The Trinity before the Council of Nicea

I thought I’d clarify why I affirm trinitarian doctrine even though I am no fan of Emperor Constantine, a man historically associated with the Nicene Creed (325AD). It’s because, although the Nicene Creed wasn’t formulated till then, the trinitarian thinking it articulated hardly appeared out of nowhere. Christian leaders had been expressing themselves in these terms long prior to that. A prime example is Tertullian (160-215AD), an African apologist and theologian, who put it this way:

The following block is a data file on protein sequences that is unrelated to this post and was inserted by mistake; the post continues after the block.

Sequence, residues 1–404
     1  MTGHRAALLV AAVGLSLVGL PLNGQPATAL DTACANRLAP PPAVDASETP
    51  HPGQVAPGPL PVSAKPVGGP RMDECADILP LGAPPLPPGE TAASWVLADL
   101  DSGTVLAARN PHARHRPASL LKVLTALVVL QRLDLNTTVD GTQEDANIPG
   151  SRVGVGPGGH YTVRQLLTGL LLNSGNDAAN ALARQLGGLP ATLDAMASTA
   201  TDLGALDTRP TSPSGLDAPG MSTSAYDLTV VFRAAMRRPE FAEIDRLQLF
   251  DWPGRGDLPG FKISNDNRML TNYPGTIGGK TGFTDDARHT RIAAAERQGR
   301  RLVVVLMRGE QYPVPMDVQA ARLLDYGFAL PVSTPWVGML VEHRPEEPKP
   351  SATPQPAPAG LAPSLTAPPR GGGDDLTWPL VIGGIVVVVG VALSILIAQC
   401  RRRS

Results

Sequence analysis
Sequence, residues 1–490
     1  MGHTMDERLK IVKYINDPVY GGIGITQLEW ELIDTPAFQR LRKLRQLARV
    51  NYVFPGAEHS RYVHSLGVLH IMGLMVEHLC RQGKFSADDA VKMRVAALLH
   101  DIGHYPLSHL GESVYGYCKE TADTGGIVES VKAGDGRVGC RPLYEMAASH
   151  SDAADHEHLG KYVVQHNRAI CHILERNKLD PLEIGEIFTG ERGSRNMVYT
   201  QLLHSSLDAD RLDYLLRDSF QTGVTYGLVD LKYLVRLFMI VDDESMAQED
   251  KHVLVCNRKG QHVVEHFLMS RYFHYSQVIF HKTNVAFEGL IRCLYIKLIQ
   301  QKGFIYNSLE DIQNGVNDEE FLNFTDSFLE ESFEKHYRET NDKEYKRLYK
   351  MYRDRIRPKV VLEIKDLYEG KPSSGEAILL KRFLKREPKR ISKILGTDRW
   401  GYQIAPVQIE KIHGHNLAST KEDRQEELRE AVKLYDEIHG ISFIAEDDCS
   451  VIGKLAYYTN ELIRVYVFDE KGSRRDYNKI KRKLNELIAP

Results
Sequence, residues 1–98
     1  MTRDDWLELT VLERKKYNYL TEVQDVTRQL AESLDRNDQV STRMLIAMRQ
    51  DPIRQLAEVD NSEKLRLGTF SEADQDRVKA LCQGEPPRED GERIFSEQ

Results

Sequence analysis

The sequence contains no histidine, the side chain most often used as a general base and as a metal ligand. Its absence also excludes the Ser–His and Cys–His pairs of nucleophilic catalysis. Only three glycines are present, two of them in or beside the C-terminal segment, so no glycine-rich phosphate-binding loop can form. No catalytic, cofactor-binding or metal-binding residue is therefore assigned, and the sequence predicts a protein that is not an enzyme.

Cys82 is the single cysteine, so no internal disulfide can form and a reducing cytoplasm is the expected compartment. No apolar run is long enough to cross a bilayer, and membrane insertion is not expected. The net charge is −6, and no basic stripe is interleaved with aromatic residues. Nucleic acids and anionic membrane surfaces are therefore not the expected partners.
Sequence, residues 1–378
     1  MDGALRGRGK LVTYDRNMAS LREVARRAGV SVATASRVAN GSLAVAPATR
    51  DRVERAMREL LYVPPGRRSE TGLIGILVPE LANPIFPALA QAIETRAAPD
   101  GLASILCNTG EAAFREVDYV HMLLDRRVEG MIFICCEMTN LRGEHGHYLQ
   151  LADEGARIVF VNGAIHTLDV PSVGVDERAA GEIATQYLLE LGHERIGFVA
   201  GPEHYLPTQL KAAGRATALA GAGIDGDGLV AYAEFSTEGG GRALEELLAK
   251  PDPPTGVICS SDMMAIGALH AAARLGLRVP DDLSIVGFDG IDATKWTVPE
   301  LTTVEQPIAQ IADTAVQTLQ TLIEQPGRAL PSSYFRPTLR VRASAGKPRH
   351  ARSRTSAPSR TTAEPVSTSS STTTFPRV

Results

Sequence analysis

“We define that there are two, the Father and the Son, and three with the Holy Spirit, and this number is made by the pattern of salvation . . . [which] brings about unity in trinity, interrelating the three, the Father, the Son, and the Holy Spirit. They are three, not in dignity, but in degree, not in substance but in form, not in power but in kind. They are of one substance and power, because there is one God from whom these degrees, forms and kinds devolve in the name of Father, Son and Holy Spirit.”